In any toolbox regardless of the industry, the best friend of every mechanic is the spanner. Spanners – also known as wrenches in the United States – are used for loosening or tightening bolts, fixings and nuts.
The jaws of the spanner can be adjusted very easily around the parallel sides of a rotary fastener and torque then applied when twisting. However newcomers may have difficulty choosing between so many spanner types. So how do you purchase the right spanner for you?
Whether you require a single tool that can be used on nuts and bolts of different sizes or a tool with a tight, strong grip, there is a spanner that is right for you.
Adjustable spanner wrenches
Adjustable spanner wrenches allow for the size of the jaws of the spanner to be adjusted with the use of a worm screw. They are highly versatile, able to be used on many different sizes of bolts, fixings and nuts, but the downside is that the grip they provide is not as strong as is the case with a one-sized spanner. The great majority of adjustable spanners come with a handy size scale that offers both imperial and metric measurements.
The best of both worlds is provided by combination spanners, a double-ended tool that mixes up two of the most popular types of spanner. The open-ended spanner is able to fit around two parallel sides of bolts and nuts, while the fastener is gripped from all sides by the ring spanner. A combination spanner set is ideal for anyone who has to work with more than nut size.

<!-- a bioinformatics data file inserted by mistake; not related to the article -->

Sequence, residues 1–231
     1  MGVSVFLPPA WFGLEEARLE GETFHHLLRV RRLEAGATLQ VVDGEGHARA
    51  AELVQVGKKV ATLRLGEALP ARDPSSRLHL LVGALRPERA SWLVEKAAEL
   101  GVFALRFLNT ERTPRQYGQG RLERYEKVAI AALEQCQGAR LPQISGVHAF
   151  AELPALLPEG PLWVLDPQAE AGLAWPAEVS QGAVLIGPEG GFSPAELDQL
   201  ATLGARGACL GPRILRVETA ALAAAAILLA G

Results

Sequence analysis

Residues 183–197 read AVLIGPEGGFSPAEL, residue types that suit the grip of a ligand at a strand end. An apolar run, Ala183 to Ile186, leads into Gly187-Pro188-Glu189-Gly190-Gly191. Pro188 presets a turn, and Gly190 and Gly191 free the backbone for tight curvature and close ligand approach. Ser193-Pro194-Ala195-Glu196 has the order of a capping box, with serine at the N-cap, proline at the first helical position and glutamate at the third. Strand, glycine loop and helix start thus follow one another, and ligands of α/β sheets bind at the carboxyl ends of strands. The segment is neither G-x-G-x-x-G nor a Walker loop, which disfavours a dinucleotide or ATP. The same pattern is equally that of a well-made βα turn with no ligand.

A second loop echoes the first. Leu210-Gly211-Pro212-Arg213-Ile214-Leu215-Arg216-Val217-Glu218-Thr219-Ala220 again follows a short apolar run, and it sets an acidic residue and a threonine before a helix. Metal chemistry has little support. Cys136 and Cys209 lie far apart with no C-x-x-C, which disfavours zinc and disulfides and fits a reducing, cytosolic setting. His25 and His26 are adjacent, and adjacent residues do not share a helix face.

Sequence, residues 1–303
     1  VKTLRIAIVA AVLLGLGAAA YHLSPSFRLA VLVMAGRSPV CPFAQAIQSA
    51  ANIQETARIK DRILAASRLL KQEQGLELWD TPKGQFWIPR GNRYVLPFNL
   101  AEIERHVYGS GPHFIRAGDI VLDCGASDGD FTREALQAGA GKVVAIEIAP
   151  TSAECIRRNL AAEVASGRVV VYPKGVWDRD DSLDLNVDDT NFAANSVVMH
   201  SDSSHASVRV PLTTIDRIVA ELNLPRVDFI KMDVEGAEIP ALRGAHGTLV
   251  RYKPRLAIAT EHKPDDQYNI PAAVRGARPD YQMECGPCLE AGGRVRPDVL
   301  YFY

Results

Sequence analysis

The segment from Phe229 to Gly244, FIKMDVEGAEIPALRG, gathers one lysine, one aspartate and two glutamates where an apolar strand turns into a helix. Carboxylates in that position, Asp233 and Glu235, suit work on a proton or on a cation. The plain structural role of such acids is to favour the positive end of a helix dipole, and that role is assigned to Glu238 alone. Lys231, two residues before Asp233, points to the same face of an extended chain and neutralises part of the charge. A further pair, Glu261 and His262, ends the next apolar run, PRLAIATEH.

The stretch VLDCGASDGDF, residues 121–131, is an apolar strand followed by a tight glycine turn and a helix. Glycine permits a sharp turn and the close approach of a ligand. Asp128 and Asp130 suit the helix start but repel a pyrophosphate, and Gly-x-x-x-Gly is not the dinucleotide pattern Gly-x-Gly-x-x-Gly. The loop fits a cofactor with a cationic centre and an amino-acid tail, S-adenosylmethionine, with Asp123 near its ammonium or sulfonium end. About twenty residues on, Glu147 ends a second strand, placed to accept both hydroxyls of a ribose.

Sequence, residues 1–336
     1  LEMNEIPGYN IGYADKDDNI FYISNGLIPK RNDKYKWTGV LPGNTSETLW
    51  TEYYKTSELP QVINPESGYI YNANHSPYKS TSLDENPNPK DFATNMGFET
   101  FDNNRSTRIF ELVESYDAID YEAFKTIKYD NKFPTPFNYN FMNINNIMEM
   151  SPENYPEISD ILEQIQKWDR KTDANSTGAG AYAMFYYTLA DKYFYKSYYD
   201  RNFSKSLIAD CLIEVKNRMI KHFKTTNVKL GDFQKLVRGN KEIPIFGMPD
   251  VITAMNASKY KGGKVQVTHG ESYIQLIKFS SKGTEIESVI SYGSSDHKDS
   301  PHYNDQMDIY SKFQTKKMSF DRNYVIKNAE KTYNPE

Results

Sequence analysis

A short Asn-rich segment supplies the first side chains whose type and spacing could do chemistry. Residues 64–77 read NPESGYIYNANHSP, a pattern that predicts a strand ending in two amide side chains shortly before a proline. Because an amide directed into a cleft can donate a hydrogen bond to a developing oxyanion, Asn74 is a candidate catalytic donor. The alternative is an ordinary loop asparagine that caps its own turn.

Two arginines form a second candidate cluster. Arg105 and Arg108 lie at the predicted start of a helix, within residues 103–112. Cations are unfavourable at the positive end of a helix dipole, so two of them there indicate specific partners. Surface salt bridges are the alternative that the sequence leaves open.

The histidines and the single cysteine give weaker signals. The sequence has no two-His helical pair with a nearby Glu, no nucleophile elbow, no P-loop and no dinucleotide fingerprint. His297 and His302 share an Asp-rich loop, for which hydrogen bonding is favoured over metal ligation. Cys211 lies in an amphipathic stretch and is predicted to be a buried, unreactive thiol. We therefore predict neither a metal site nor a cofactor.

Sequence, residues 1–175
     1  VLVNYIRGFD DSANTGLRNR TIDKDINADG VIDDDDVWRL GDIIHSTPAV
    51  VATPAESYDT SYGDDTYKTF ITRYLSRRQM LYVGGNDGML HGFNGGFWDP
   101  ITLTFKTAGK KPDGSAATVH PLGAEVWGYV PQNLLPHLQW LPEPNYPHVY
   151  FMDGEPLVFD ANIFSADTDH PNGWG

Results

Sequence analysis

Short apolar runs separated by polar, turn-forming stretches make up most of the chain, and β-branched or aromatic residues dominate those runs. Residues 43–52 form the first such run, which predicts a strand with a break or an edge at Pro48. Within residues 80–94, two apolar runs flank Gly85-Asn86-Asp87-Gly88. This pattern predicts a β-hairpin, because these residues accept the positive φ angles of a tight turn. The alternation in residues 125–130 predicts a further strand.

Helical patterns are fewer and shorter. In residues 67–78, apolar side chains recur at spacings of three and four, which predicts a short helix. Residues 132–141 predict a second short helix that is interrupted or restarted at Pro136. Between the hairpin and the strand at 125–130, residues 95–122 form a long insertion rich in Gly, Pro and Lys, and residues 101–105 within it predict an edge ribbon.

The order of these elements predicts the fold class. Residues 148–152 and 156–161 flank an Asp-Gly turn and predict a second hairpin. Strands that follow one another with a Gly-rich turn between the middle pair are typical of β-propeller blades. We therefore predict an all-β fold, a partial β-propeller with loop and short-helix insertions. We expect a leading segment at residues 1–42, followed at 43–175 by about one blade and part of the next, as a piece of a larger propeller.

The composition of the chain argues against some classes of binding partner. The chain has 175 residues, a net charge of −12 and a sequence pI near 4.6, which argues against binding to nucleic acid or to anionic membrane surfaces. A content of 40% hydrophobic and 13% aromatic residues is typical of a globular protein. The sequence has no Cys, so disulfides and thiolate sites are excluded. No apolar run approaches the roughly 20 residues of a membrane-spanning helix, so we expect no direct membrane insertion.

Flared nut open end wrenches
Flared nut open end wrenches are perfect to loosen bolts and nuts that have been attached to tubes. The flared style grip they provide goes around fasteners in a similar manner to a ring spanner but are open-ended so that tubes can slip through. Flared nut open end wrenches are also double-ended, able to be flipped to make the most of the turning arc, and are a vital part of plumbing or automotive work.
The Open-end wrench
These are one of the most common spanner types, with open ended, C shaped jaws fitting around the two flat parallel sides on a rotary fastener, enabling it to turn. The head of the spanner is normally set at an angle of 15 degrees, which allows a wider turning arc.
Ratchet spanners come with a ratcheting mechanism and can only turn bolts and nuts in one particular direction. This means that you do not have to continually adjust your grip, though the trade-off for this time-saving is a grip that is not as strong as with a fixed tool.
Ring spanners come with a looped end rather than an open one, tightly gripping rotary fasteners from all sides. The ring is just slipped around the bolt or nut and turned to tighten or loosen.
These are specialist tools for fasteners that require being at a precise tightness. Featuring a ratcheting mechanism for speed and ease, users can adjust them to pre-set torque settings.
The size of the right spanner for you depends on the fastener side you are working with.
To find the best spanners for your needs visit RS Online today!